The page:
It is therefore important to open yourself up to changes in order to take part creatively in life. In this sense the room design is an important medium, in a psychologically careful way, of bringing the usual security and the courage for changes harmoniously into line. A positive starting point is especially helpful for this and aids getting over so-called “blockades and complexes” faster than negative judgements.
The environment, a room, a building or a place in the landscape acts first on our feelings. We feel good, happy, agreeable, safe, joyous, or the reverse, disagreeable and anxious. When we are very active we do not necessarily become consciously aware of this feeling immediately. Nevertheless, this feeling acts associatively on our thoughts in accordance with its own laws. These change discreetly in a positive or negative direction. However, our thoughts are programme and determine our vitality. We have less strength with negative thoughts, we would prefer to withdraw. On the other hand, positive thoughts mobilize powers within us we didn’t even know we had.
The aim of a Feng Shui training is to be more consciously aware of these interactions.
Your environment is your mental feeding ground from which the food that goes into your mind is extracted. Choose your environment with care, one that is positive, one that lifts you up and gives you wings to soar.
Carl Gustav Jung developed the scientific basis for this awareness in western culture. The definition of the conscious, the personal unconscious, and the archetypal area of the collective unconscious provides some insight into the way Feng Shui techniques work. According to Jung, the goal of the lifelong process of individuation is to incorporate as much of the unconscious into consciousness as possible.
Considering the mass of the iceberg which is under water it is easily understandable which force drive us. The forces which can be mobilized by our consciousness are far to weak to overrule the immense forces of our unconscious. As a conclusion, it is advisable to deal with the principles of the unconscious in order to design a living ergonomic and efficient working environment.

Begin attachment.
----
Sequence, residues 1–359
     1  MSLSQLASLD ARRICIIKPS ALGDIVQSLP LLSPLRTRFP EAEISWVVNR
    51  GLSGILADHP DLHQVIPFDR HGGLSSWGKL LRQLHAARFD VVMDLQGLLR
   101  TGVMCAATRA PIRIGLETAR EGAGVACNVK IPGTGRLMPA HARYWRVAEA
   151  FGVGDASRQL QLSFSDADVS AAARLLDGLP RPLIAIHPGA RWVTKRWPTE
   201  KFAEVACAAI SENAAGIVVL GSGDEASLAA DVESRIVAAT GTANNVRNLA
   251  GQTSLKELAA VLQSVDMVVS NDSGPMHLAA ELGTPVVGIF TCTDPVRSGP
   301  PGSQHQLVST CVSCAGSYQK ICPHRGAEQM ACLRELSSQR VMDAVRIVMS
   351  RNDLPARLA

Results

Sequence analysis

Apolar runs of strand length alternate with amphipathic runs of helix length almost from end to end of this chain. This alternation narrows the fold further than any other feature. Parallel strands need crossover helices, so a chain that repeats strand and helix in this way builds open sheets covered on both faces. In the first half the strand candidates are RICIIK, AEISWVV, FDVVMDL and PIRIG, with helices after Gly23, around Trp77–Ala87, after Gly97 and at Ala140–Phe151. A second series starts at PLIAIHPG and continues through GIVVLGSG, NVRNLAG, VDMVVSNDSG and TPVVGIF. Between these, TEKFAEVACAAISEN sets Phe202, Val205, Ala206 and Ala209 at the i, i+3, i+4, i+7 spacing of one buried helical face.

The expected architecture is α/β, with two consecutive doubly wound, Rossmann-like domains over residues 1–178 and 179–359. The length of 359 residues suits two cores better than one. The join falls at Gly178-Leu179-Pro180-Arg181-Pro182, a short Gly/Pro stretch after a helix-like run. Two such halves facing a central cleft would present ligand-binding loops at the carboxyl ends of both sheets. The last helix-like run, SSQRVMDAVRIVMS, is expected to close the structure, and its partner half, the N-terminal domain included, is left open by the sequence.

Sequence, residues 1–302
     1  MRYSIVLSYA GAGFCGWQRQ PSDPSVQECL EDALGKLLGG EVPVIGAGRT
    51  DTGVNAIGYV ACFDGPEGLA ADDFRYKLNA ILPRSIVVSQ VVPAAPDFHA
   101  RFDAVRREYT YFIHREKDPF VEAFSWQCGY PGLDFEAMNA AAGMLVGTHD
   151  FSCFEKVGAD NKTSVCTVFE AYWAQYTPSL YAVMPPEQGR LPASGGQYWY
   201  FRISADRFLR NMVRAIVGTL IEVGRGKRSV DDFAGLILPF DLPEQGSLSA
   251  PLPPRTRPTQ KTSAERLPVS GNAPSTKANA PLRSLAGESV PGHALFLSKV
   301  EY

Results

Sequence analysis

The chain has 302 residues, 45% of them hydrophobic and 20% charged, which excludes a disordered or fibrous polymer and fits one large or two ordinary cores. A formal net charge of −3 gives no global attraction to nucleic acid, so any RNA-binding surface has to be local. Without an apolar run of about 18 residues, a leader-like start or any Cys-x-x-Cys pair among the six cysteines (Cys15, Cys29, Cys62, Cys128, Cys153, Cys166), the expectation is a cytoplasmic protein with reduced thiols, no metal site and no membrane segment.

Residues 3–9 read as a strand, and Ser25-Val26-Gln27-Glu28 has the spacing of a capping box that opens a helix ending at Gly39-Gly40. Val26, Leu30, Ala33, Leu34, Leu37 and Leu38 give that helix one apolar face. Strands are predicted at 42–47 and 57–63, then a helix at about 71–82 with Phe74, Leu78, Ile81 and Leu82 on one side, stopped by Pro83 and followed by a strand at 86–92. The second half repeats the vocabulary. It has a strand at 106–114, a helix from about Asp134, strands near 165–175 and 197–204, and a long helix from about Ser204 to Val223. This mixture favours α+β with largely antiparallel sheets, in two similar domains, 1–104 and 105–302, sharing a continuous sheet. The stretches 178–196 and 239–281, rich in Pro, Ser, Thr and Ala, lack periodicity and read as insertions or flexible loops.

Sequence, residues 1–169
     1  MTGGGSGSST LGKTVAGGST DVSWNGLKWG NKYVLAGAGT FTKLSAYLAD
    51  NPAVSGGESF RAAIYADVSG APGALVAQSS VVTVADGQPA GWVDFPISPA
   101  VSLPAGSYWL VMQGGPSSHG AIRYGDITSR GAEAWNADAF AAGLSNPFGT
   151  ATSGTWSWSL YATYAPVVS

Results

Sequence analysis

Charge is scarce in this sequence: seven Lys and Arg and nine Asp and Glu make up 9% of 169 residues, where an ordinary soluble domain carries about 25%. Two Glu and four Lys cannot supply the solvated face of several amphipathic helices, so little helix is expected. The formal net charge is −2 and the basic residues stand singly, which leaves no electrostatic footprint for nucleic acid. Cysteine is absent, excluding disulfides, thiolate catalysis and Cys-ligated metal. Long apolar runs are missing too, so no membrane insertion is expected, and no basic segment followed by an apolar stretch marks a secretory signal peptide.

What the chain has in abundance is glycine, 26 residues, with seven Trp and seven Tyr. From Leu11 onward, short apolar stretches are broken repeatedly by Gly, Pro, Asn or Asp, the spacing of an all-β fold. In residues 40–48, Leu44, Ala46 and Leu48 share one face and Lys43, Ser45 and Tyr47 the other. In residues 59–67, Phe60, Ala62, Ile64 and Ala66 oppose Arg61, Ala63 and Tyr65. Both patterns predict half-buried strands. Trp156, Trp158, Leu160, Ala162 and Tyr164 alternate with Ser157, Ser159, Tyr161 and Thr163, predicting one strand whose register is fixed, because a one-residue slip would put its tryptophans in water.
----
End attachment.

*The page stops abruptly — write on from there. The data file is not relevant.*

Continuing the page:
Our own western very differentiating way of thinking differs enormously from the Far Eastern, more holistic view of things. Feng Shui as a traditional Chinese teaching can only be understood if you also adopt the way of thinking of Far Eastern culture.
The fundamental differences between the Western and Eastern way of thinking are:
- Transformation from inside to outside
- Balance instead of the ultimate truth
- Social responsibility before individual right
- Perception of the organism as a whole instead of the Cartesian division of spirit and matter
The division of psyche and body, and the further fragmentation of our self into separate areas (work/private life, church/sports field, feelings/self-presentation, etc.) lead to endless conflicts and confusion and frustration, metaphysically. The inner fragmentation of the Western way of thinking is also reflected in the outer - in a philosophy of life which starts from a multitude of separate objects and events which can be analyzed and used separately from each other by different groups.
However, the I (spirit) as an isolated observer, removed from outer material influences is an illusion. Spirit and matter are only different aspects of a universal unity.
A meticulous and holistic design of the working environment, however, can promote creativeness and significantly contribute to the wellbeing of body and mind. This design also promotes productivity and innovation.
We direct our attention to the basic principles and contexts. This facilitates the generation of additional possibilities by means of integral individual office planning. Creative ideas and concepts of interior designers and architects and their effect on the health and capability of the individual and the entire team can be analyzed in advance using the Vital-Office® Concept.